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Cars > vegavairbob’s Garage > Blog > The Chevy Vega - A Different Perspective

 

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vegavairbob

M –55

 

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The Chevy Vega - A Different Perspective

By vegavairbob

GM's first U.S. mini-car cost $200 million to design and bring to production. In today's money that's over a billion dollars - it wasn't by chance the Vega out-handled more expensive european sport sedans.
AMC in contrast, spent all of 5 million to convert an existing Hornet compact into the Gremlin, selling it for about the same price as the Vega which was new from the ground up, sharing nothing with existing vehicles.

Introduced September 1970 starting at $2090. no other car company in the world was able to invest hundreds of millions of dollars on a vehicle to sell in that price range, and GM made little or no profit on the Vega which was usually ordered with few options (GM's profits came from expensive options).
But in a rush to bring the car to market, numerous piecemeal "fixes" were performed by dealers and Chevrolet's "bright star", received an enduring black eye despite a continuing development program which eventually alleviated most of these initial shortcomings.

Motor Trend selected the Vega one of the 10-Best cars of 1971 and awarded the Vega 1971 Car of the Year.
Car and Driver readers voted the Vega "Best Economy Sedan" for 1971, 1972, and 1973 in C&D's Readers Choice Polls.
By 1974, the Vega was among the top 10 best-selling American cars. By 1976, the car had received five years of improvements (300 new part numbers in '76 alone) but the smaller, lower priced Chevette was introduced the same year, and the handwriting was on the wall.
The liner-less aluminum/silicon engine technology that GM and Reynolds Metals developed turned out to be sound. Mercedes-Benz and Porsche use sleeveless aluminum engines today, the basic principles of which were developed for the Vega engine.

Motor Trend said in 1971, "So, the Chevrolet Vega 2300 is Motor Trend's 1971 Car of the Year by way of engineering excellence, packaging, styling and timeliness. As such, we are saying that for the money, no other American car can deliver more."

Motor Trend Classic said in 2010, "Chevrolet spun the Vega as a more American, upscale car. And let's face it, the car looked hot. So can you blame us for falling hook, line, and sinker for the Vega and naming it 1971's Car of the Year?"
"..well-maintained examples are great looking, nice-driving, economical classics.."

Motor Trend Classic said in 2013, "Overblown - The China Syndrome might have overhyped the TMI (Three-Mile Island) incident as bad press might have exaggerated the Vega's woes."


see also:
Chevrolet Vega - Chevy Vega Wiki
http://chevyv...hevrolet_Vega

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Read comments on this blog post 1 – 7 of 7

RancheroBoy’s Profile Photo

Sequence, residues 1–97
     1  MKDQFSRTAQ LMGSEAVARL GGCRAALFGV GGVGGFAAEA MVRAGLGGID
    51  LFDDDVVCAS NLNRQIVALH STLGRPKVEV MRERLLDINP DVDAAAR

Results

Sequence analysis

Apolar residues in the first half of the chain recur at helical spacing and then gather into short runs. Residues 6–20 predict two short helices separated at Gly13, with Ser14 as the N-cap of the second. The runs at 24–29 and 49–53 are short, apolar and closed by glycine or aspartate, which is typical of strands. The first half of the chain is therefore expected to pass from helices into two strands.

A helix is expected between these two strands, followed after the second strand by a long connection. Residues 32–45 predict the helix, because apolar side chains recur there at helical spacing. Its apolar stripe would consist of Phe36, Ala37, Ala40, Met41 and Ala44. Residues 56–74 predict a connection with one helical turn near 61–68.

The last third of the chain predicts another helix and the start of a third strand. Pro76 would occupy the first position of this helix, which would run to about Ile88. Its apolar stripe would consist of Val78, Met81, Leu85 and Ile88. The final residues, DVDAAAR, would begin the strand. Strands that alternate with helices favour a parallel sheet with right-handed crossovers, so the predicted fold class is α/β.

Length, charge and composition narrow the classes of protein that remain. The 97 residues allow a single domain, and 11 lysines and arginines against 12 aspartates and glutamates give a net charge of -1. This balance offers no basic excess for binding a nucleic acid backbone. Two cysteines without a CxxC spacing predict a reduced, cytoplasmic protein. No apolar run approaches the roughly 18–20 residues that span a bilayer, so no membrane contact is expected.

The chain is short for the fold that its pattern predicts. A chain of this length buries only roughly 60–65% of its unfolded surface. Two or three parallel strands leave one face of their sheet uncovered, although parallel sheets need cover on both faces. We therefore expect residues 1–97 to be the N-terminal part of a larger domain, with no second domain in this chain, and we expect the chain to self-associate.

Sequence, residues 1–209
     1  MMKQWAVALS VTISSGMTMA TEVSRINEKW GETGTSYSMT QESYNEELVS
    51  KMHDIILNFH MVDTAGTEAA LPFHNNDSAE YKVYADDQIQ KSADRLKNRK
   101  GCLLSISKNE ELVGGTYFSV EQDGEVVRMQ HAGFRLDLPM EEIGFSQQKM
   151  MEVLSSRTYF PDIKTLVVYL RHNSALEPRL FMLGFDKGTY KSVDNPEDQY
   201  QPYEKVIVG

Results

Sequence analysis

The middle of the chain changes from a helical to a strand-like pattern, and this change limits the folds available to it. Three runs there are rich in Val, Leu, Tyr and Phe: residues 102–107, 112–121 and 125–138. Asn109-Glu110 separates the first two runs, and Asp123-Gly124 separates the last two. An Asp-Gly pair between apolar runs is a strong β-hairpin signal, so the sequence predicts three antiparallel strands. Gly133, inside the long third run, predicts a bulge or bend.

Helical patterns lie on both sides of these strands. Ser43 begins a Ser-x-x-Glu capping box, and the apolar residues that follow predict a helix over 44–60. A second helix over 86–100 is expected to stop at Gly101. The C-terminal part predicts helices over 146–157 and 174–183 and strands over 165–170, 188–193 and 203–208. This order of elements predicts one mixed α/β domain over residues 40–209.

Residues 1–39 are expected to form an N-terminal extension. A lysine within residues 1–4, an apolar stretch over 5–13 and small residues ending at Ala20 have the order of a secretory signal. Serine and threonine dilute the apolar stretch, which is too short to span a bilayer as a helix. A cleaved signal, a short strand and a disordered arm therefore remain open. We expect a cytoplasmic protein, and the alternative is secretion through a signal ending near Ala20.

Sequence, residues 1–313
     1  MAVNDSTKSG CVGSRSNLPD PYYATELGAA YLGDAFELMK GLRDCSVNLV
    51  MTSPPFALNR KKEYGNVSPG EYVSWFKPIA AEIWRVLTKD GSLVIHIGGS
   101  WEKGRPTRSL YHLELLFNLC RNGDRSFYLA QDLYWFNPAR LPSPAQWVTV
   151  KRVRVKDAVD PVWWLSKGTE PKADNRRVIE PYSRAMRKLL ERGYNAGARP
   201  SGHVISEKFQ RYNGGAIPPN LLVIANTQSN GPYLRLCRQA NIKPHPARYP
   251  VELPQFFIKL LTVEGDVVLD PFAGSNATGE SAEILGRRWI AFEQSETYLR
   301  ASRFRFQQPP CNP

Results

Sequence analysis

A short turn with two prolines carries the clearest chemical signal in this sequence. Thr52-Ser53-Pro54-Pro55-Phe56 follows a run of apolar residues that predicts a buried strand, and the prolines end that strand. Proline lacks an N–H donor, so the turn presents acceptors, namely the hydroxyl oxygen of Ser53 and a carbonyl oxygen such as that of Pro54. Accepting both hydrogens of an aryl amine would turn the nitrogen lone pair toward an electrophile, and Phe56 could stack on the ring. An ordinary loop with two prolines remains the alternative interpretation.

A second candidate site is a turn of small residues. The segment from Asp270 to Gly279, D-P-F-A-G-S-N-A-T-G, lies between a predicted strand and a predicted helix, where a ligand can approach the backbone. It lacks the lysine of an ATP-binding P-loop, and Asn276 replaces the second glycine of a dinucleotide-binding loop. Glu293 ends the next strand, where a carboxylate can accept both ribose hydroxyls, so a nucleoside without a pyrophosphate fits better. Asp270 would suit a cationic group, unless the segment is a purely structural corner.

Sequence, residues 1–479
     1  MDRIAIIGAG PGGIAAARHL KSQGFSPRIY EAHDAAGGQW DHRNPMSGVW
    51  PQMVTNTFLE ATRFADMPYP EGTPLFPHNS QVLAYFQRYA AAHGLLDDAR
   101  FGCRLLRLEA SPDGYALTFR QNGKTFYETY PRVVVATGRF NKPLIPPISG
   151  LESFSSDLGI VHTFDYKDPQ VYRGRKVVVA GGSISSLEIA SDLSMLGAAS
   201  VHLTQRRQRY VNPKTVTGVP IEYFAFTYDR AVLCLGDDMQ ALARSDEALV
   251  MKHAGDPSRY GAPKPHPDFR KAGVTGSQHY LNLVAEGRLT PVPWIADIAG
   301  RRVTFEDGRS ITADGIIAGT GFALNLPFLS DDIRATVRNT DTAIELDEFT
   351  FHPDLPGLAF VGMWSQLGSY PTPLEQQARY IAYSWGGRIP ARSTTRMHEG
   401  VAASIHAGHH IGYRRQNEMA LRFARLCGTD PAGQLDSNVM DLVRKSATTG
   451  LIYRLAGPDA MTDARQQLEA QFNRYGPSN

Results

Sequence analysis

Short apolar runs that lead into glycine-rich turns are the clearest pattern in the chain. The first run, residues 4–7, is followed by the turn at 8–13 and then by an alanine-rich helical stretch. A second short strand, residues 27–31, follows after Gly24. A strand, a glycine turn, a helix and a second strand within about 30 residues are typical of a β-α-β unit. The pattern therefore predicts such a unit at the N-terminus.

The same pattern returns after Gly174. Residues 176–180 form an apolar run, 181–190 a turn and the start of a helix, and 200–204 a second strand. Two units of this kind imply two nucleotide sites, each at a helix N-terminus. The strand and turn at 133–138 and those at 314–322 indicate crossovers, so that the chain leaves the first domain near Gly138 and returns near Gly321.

RancheroBoy
Jan 14, 2012 at 8:15 pm
Great article and info
 
Crazyfast79TA’s Profile Photo
Crazyfast79TA
Jan 14, 2012 at 7:13 pm
29 years later and I still like "my first car" even though there wasn't much left of it by the time I got it.
 
Crazyfast79TA’s Profile Photo
Crazyfast79TA
Nov 26, 2011 at 7:15 pm
My first car was a '73 Vega that my Dad bought brand new after test-driving many brands and finally deciding on the Vega. By the time he gave it to me, it had over 190,000 miles on the original aluminum 4 cylinder with no major problem EVER being experienced! And yes, it did handle very well! I learned to drive in that car and it survived me driving it for over a year before I had to sell it to pay for the insurance on my '74 Nova Dad bought me to replace the Vega. By the way, in '73 when Dad was looking for a car, the Nova was one contender, the Charger another, the Torino another. All of which would have been great first cars for me! But that trusty (rusty) green jewel made the cut!
 
Justa6’s Profile Photo
Justa6
Nov 6, 2011 at 5:58 pm
Great articles. Fun reading.
 
CorvairJim’s Profile Photo
CorvairJim
Nov 3, 2011 at 1:09 am
I didn't realize that GM had that much invested in the car, but considering all the new technology they brought to bear in the one car, I guess it isn't too surprising. I'm sure Ford didn't invest half as much in their new-for-1971 "Barbecue", er, "Pinto"!
 
GoldenGirl’s Profile Photo
GoldenGirl
Nov 2, 2011 at 8:37 pm
Yes, a nice looking car. My boyfriend (now hubby) had a red '73 4 speed that his mom bought him when she traded in his '71 Charger R/T after he lost his license for drag racing. He taught me how to drive a manual so I could chauffeur him to the usual hang outs until he got his license back. Threw a rod through the block in less than one year. The guys at the parts store got to know me by name since I was up there constantly picking up parts for the repair.

That said, these many years later we still love looking at photos of that old Vega in the family photo album.

Thanks for the link to the great article!
 
canadianpontiacguy’s Profile Photo
canadianpontiac
guy
Oct 31, 2011 at 7:33 am
Good article Bob!
Thanks for sharing.
 

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Cars > vegavairbob’s Garage > Blog > The Chevy Vega - A Different Perspective

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